Q&A: Gareth Edwards, The Man Behind The MONSTERS

An archive interview from The Gingold Files.

By Michael Gingold · November 8, 2019, 4:27 PM PST
Monsters.jpg
MONSTERS (2010)

Editor's Note: This was originally published for FANGORIA on November 8, 2010, and we're proud to share it as part of The Gingold Files.


Gareth Edwards isn’t the first special FX artist to turn director, but the story behind his debut feature Monsters is certainly unique. Rather than pursue the helm of a big-budget studio feature for his first time out, Edwards adopted a DIY approach, shooting Monsters with a tiny crew and two lead actors on south-of-the-border locations, drafting local residents as supporting cast, and then later applying his digital wizardry to the footage.

The result has won raves from critics since it began appearing at festivals earlier this year, and the movie is now in the midst of an expanding U.S. theatrical release from Magnolia Pictures’ Magnet Releasing arm. The story follows an American photojournalist (Scoot McNairy) as he escorts his publisher’s daughter (Whitney Able, McNairy’s real-life girlfriend) through Mexican territory that has been quarantined walled off due to the presence of large, tentacled alien creatures that hitched a ride back to Earth on a NASA space probe.

How did you arrive at the storyline for Monsters?

It was really a concept in search of a story, to start with. I was on holiday and watching these fisherman pull in a net from the ocean, and I just thought, “Wouldn’t it be funny if when they finally pulled this thing out of the water, it was this massive sea creature?” Obviously, the men weren’t actually reacting to anything, just pulling the net in, and it was like, “That would make an interesting premise—you have this crazy situation, but nobody reacts to it at all; it’s years down the line, and everyone’s gotten used to it.”

How much of the movie was scripted, in terms of both the dialogue and the action?

The elements we didn’t have locked down were the dialogue and the environments. But the story was completely predetermined. Every major moment in the film was written; it was just that the actors were completely free regarding how they said or did or reacted to things. If you lay out a story on a table, it sort of breaks down into two layers: There are the physical events that happen, and there are the emotional changes and things that are revealed. In a normal screenplay, at some point you would lock them together and say, “OK, when he’s in the bar talking to the journalist, this is when we learn that he’s very insecure,” or something. But [in this case] we didn’t know whether it would be really noisy once we were in the bar, whether it would be impossible to have a private conversation, or if someone in the background would be doing such things that the scene couldn’t emotionally go in that direction.

So I printed out the treatment in two different colors, black and blue. Black was physical things, and blue was emotional stuff. Every time we did a scene, we would look through the blue pages, and we would know that “This reveal about your character can come any time after this point in the story, but it’s gotta come before that point.” So it would slide around, and we would shoot some of those emotional moments two or three times in different places; then in the edit, we would select the place where it felt most right.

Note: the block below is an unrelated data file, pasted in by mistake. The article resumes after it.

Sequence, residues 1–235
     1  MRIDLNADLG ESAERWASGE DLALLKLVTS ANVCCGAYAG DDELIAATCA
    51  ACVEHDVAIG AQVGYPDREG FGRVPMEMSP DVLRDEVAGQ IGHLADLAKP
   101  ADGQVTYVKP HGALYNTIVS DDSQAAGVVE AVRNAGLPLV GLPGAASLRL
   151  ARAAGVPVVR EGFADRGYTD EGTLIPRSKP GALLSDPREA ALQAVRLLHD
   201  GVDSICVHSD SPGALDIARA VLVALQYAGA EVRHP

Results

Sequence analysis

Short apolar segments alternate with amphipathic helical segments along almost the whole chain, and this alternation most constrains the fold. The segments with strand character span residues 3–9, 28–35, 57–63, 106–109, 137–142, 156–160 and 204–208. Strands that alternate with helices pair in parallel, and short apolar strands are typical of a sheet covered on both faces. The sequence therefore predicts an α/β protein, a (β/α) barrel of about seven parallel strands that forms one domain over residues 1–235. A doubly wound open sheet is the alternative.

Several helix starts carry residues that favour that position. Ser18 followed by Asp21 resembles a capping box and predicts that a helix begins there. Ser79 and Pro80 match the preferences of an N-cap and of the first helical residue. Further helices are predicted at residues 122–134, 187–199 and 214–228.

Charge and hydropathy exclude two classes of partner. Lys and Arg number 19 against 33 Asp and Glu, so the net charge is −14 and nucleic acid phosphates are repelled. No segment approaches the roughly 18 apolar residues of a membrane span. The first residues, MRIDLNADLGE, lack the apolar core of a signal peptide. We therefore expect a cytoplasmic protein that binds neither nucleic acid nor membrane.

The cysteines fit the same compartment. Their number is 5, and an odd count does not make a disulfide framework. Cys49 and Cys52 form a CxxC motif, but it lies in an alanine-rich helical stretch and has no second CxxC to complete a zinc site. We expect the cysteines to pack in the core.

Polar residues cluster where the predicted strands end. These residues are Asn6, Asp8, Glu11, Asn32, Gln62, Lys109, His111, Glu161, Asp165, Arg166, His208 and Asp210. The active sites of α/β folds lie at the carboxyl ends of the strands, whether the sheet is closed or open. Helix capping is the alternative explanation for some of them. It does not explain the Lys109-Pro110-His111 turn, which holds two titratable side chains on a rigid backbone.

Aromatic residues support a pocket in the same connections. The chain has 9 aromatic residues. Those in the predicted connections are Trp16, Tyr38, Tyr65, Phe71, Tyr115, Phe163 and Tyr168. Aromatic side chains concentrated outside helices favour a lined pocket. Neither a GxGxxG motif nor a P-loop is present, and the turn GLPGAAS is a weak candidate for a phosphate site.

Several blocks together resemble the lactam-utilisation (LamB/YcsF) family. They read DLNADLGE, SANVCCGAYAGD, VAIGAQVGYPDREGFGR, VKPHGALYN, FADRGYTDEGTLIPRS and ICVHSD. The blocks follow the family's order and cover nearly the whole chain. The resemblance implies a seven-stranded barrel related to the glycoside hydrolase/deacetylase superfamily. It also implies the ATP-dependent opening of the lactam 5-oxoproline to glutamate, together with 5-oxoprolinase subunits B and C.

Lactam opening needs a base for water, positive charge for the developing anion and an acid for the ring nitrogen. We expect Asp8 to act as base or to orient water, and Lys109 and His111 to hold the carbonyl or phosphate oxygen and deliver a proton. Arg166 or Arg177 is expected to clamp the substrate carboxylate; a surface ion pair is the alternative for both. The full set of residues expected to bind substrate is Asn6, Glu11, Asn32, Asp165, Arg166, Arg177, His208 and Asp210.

Was there an element of danger on any of your locations?

Sometimes, we had to be more careful. There’s a scene with guys with guns at a campfire in the middle of the jungle, and we were told in no uncertain terms, “You do not go into the forested areas of Mexico with everyone dressed up in military gear with weapons.” We had to do that on private land, so it became more like a typical dramatic shoot in the sense that we had to plan it. And at one of the towns we turned up in…I always worry saying these sorts of things, because it makes it sound like Mexico and Guatemala are these really scary countries, and they’re not at all, they’re beautiful and the people are so friendly. But in this town, a week before we got there, someone had machine-gunned everyone in the café dead. We tried to keep that hidden from the actors so it wouldn’t make them nervous. Then there was a prison break in Guatemala, and they decapitated a bunch of the prisoners. The local paper had it on the front page, these severed heads—and we were trying to keep that hidden from the actors as well [laughs].

One time I went to this hotel really late at night, and said to the lady who ran it, “Do you know where my room is?” And she said, “Yeah, it’s just down there, next to the…” Her English wasn’t great, but she said, “Next to the tigers.” I was thinking, “Oh, I wonder what she meant by that”; like, “Next to the towels,” you know? [Laughs] And then I got there, and there was literally a tiger enclosure, and my room was part of it. Apparently, exotic pets are like a sign of social status, so it was a real honor, because I was the director, to be a part of the tiger enclosure—and I spent the whole night shitting myself. Hoisting the camera had made my back really bad, so I would limp when I was walking, and I could see the tigers watching me like I was an antelope—“When I get out of here, I’m gonna get that one.” Scoot played off it too and teased me, and scratched the window at night.

How did you wind up casting your two leads?